As large generators of oily wastewater tighten effluent controls, the U.S. Environmental Protection Agency (EPA) is targeting smaller generators. Some of the firms receiving their attention are smaller manufacturing plants, automotive garages, mobile equipment service shops and truck farms. Many of these firms do not have access to a sanitary sewer system that will accept oily wastewater.
Because disposal in storm sewers also is prohibited, they frequently use injection wells, septic system drainfields, dry wells and ground pits to dispose of oily wastewater; one EPA concern is that oily wastewater will find its way into an underground aquifer that is a source of drinking water.
Many oily wastes contain organic and inorganic chemicals in concentrations that exceed the primary drinking water standards established by the Safe Drinking Water Act. So the focus of one EPA program is aimed at preventing contamination of groundwater by controlling oily wastewater recycling at the generator’s site.
The industry’s most complete guide to selecting and sizing an oil skimmer for your application.
Similar problems are faced by plants that must deal with fugitive oils. These are oils that enter wastewater as a result of leaks, spills and housecleaning operations.
Type of plant or application
Typical source of fugitive
Primary metal mills
Rollout table grease in cooling water.
Paper boxboard manufacturer
Machine bearing and gear lubricants.
Injection machine hydraulic fluid.
Vegetable oil, meat fat and frying oil.
Petroleum distribution spills and leaks.
For metalworking plants, there are additional concerns associated with tramp oil in aqueous parts washer fluids, coolants and cutting fluids. For these plants, whether connected to a sanitary sewer or not, recycling wastewater may be the most viable option. In metalworking plants, the primary concern may be reducing purchased fluids and operating costs, which can be achieved by removing tramp oils to extend fluid life. Coincidentally, this also reduces disposal costs.
If oily wastewater isn’t recycled, it must be disposed of safely. One option is to have it collected and hauled away by a licensed disposal firm. The annual volume of oily wastewater generated by many shops and plants makes hauling too costly.
Even firms connected to sanitary or industrial wastewater sewer systems have limitations on the oil content in their effluent. When oil concentration exceeds a certain level, usually 100 ppm or less, the generator can get hit with hefty surcharges by the local government providing wastewater treatment.
At some level of oil concentration, the oily water effluent is prohibited from entering the sanitary sewer line.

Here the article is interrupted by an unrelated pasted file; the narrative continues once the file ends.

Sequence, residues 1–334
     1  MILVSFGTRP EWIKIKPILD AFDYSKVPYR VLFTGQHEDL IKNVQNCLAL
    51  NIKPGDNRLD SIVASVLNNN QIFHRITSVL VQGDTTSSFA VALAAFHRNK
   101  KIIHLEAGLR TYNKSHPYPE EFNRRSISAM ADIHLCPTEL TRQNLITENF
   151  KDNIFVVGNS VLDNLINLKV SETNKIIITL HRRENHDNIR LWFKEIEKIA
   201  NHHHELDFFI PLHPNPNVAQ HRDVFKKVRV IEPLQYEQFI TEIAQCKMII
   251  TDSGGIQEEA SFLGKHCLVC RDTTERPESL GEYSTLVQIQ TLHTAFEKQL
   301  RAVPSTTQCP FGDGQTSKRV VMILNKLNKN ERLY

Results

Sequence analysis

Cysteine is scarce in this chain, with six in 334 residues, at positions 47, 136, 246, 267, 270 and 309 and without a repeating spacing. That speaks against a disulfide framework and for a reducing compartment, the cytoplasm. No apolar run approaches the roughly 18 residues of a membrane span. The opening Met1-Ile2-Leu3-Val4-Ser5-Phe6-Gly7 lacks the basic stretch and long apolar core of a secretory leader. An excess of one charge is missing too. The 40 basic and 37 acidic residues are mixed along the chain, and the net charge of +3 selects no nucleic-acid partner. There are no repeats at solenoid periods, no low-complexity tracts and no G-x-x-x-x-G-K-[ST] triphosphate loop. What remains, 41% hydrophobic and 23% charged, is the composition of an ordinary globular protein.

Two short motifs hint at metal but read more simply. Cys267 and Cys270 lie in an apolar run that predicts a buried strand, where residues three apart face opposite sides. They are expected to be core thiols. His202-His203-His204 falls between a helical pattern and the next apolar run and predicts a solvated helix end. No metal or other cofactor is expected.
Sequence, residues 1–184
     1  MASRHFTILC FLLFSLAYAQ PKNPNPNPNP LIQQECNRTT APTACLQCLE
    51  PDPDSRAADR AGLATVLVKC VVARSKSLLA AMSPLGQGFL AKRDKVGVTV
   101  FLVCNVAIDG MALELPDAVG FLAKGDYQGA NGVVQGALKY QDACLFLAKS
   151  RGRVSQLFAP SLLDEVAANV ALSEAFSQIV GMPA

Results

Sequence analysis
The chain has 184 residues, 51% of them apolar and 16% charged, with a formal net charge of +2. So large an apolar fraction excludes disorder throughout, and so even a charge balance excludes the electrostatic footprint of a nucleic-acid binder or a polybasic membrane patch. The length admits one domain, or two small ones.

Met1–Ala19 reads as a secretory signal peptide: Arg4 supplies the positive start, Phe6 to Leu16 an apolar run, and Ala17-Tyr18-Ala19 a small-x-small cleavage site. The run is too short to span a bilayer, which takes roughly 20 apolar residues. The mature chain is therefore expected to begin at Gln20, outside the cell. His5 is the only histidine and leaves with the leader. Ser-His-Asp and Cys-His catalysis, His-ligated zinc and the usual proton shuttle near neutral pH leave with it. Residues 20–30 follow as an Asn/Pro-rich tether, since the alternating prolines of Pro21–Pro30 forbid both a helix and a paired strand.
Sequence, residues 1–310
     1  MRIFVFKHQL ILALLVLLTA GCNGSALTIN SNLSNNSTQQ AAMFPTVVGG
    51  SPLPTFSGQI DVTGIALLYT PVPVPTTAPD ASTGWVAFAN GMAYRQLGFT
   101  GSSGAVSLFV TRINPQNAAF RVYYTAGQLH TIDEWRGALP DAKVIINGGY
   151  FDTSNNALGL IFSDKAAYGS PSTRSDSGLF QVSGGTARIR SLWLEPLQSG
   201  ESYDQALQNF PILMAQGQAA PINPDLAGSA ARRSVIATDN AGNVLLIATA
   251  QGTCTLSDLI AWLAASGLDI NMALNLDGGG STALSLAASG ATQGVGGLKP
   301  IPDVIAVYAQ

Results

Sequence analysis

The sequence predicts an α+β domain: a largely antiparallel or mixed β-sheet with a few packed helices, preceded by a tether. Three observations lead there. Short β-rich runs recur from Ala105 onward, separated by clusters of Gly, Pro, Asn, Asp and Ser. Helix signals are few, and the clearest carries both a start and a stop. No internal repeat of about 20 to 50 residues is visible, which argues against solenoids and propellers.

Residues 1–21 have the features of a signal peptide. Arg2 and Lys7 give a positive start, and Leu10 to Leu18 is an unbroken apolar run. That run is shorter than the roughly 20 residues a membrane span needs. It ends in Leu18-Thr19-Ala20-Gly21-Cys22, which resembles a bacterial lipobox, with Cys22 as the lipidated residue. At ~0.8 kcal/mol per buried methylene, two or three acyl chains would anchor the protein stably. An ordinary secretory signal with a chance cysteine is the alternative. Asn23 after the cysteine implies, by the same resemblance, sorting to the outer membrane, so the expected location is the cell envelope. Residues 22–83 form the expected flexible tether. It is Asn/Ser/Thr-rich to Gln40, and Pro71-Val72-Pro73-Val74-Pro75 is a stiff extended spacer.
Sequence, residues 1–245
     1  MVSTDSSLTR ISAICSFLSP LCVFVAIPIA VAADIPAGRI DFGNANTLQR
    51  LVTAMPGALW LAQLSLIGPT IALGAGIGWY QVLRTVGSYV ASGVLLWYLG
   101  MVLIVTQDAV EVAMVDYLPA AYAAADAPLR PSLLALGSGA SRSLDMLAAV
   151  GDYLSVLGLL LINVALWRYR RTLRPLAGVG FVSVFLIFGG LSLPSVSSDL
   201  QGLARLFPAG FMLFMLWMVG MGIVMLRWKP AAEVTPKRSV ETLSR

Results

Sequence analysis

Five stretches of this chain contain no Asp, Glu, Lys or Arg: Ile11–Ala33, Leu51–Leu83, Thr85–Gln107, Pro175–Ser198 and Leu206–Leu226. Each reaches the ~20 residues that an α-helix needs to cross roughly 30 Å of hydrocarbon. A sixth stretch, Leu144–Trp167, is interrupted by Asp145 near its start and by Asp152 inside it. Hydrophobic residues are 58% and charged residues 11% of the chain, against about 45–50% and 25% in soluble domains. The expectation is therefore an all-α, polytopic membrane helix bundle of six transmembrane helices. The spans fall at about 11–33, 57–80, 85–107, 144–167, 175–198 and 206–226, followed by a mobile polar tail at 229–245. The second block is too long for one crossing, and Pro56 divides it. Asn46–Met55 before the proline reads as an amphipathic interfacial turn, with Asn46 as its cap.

With wastewater recycling, the most common methods of oil/water separation include decanting tanks, oil skimming, coalescing, membrane separation and various chemical treatments. Any of these methods can be effective. Selection should be based on economic as well as technical considerations.
Although it is a cost effective method of reducing contamination, oil skimming often is overlooked as a primary technique. Frequently, this results from the misperception that skimming is only suitable as a pretreatment ahead of other oil/water separation devices.
Certainly, skimming is a retreatment method used to prevent oil overloads in downstream membranes, coalescers and sand bed filters. But it can stand alone as an oil removal method in many applications, reducing oil to only a few parts per million concentration, depending on conditions. In many locales, this is good enough to allow the water to enter a sanitary sewer system without paying connection surcharges.
More exotic methods of oil removal, such as membrane filtration and chemical treatment, are most often required when tight emulsions and other chemicals must be removed. If an emulsion is the water-in-oil type, a skimmer may do the job.
Oil skimmers usually incur a low initial cost, install easily, offer rugged construction, reliable operation and minimal upkeep. Training personnel for operation, monitoring and routine maintenance is nil.
Still, there are different types of skimmers, and each application requires some analysis to make the best selection. Also, the water collection system must be set up properly in order to get maximum performance from the skimmer.
The six major skimmer configurations for industrial plants and service shops are belt, disk, drum, mop, tube and floating suction types. For all types, the oil or other hydrocarbon liquids must be floating on top of the water. For all but the floating suction type, a moving skimmer medium is pulled through or across the surface to attract the oil.
This oil is then removed as the medium is pulled through wiper blades or scrapers by a motorized drive system. The skimmed product is discharged through collection trays and drain channels into an external container.
Because skimming acts on floating oil, the water must be in a reservoir where separation can occur. The reservoir should be designed with quiet areas, weirs and sufficient volume to allow adequate residence time for oil/water separation. Avoid turbulence by having water return to the reservoir below the liquid surface at as low a velocity as practical. Tanks without nooks and crannies for oil to accumulate in are best.
If you have an irregular shape, put the skimmer where the largest amount of oil accumulates. Consider a means of directing oil toward the skimmer medium to improve removal efficiency.